I could finally focus on business after I graduated though. I loved computers, so I started to look for opportunities in IT. Fortunately, one of my acquaintances in the U.S. proposed that I take on coding work. I didn't know how to code, but found some talented young people who did. When the job was done, I had already found more customers, mostly in Europe and the U.S. We clearly had an advantage – the software engineers in Russia were making around 25 percent of what an average engineer was making. One of the biggest customers was an online dating platform. Customers were really happy with the cost and quality, so we didn't have issues finding more work. At the moment, I manage about 500 software engineers in Moscow and about 100 in Minsk, Belarus.
The business was always cash-positive, so I have been investing for many years. My recent investments include Academia.edu, which is a social network and content aggregator for scientific papers and Harbour University – a university that specializes in computer science and a boot camp for world programming and BitFury – one of the global leaders in the blockchain development.
Despite this, I have never given up my interest in philosophy and art. I defended a Ph. D. in Philosophy 10 years ago, wrote a book on D. Dennett's theory of consciousness, organized a few events including a conference on a boat in Greenland with Daniel Dennett, David Chalmers, Derk Pereboom. These are very big names in the philosophy of mind world.
I’m currently completing another book on free will and a narrative theory of moral responsibility. The idea is that in a deterministic world you are responsible for an action in the basic desert sense, only if you believe you are. Meanwhile, I have also been supporting art. For some years I have been a patron of the Tretyakov Gallery, Garage Museum of Contemporary Art and various performances. I’m mostly fascinated by Technological art.
Q: What brought you to Burning Man? How many times have you visited The Playa?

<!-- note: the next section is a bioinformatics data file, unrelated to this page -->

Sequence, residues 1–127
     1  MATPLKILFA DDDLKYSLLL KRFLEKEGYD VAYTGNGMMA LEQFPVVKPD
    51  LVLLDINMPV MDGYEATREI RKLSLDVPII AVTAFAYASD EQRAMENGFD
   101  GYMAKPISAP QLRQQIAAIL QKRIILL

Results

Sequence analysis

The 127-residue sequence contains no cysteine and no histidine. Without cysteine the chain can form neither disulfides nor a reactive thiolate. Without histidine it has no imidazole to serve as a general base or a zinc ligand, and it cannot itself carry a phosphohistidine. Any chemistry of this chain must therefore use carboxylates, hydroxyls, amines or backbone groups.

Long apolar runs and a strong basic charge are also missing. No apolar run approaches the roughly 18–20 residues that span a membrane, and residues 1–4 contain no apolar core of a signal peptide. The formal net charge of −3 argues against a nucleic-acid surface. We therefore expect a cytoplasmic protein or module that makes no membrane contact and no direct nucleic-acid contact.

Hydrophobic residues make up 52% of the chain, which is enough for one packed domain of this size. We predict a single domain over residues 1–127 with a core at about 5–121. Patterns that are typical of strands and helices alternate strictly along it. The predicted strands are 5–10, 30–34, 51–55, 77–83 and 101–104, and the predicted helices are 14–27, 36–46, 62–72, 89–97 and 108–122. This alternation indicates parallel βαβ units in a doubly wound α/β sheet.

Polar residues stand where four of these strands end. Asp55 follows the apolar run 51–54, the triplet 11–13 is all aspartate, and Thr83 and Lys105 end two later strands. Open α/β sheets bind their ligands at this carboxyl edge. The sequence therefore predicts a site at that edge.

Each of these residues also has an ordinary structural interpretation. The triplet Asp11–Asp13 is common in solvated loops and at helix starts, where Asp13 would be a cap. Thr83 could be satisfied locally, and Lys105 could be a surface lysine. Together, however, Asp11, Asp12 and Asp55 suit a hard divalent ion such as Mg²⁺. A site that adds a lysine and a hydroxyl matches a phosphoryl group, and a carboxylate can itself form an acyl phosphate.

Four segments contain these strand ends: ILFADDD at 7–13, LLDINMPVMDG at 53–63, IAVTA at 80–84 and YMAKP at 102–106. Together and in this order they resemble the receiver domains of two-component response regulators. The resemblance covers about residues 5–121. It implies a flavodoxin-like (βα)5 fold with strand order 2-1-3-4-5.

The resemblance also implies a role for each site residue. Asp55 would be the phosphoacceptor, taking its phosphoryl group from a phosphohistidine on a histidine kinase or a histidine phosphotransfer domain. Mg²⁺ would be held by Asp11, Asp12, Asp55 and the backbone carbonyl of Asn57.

I had heard about Burning Man many times and had seen some really intriguing photos from the festival. I became certain that I wanted to go when visiting my friend and philosopher, D. Dennett. One of Dennett's friends is a long time Burner, and he shared the story of Burning Man with me as well as his experiences out on The Playa. His enthusiasm inspired me to go, and I knew I wanted my contribution to be an artistic one. I'm always looking for alternative perspectives and I adore contemporary art. l also have a passion for the desert. So, Burning Man is the perfect way for me to bring these interests together.
Q: What inspired you to build the OraculeTang camp and what does it represent? You organized this camp together with Andrey Bartenev — how did you two meet and what did each of you bring to the execution of this camp?
I never considered Burning Man to be a festival for just entertainment. To me, Burning Man always seemed to be the perfect opportunity to contribute; to do something interesting and perhaps extraordinary. In 2015 we brought a gigantic robotic orangutang – OraculeTang. He was both an animal and a robot. The idea was to build a non-organic, intelligent animal that could communicate with humans. Oleg Kulik, a performance artist, was my partner for this project. He was the creative director, while I managed the technical side.